Tuesday, December 16, 2014

Is all "real" money just funny money? The Case for Barter Currency

I believe that a significant part of the problem with instability in the global economy is the very nature of currency valuation/devaluation. It seems that the central nature of currency is based on a fixed scarcity of either what the currency is backed by, or the fixed scarcity of a finite amount of printed money. The more money a government prints, the less value it has -- but I question the very nature of current currencies.

For example, during the recent recession, a significant driver of economic damage was caused by highly leveraged investment bankers investing in securitized credit derivatives, which basically make debt more opaque and unstable. The net effect of the house of cards caused suffering in the developing world, as commodity prices spiraled downwards. And already, heavy lobbyist pressure is seeking to remove the safeguards put in place against these derivatives, after so much suffering.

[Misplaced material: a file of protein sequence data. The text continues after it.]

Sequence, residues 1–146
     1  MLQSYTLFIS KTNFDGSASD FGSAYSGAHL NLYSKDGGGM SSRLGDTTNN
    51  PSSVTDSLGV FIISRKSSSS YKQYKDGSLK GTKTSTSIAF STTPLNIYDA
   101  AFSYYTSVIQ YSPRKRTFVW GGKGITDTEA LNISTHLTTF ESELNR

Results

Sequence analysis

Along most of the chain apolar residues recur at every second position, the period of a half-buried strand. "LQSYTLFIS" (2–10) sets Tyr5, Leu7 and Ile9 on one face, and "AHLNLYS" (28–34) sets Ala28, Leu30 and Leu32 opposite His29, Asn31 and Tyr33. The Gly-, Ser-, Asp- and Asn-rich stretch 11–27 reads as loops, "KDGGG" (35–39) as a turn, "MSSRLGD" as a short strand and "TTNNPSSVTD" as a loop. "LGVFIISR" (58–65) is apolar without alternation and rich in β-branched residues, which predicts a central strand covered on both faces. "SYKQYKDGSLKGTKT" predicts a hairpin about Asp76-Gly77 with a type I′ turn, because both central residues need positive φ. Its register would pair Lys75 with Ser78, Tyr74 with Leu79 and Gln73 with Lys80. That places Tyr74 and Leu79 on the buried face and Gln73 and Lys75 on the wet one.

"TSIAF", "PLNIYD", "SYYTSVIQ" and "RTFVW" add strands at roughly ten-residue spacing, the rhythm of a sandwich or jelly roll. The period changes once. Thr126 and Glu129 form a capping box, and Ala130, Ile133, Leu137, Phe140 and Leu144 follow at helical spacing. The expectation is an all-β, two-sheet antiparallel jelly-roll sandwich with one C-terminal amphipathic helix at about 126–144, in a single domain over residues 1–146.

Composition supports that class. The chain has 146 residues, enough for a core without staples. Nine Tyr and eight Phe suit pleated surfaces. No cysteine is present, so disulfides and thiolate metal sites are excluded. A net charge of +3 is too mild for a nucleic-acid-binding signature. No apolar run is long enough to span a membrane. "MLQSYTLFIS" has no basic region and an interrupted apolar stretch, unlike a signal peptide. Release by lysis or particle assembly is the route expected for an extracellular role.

But every one of the individuals in the developing world who suffered from this house of cards, has continued value beyond currency. I believe it is time to seriously consider a barter currency that is based on the immutable value of the individual's skills. This kind of alternative currency could help local economies survive, regardless of the fixed scarcity, and inherent instability, of so called "stable" international monetary systems.

I invite anyone to prove how conventional currency is any better than Monopoly money when you look closely. All money is funny money.

Here's a quiz for you. Which of these is more "real"?

What do you think? Please comment below.

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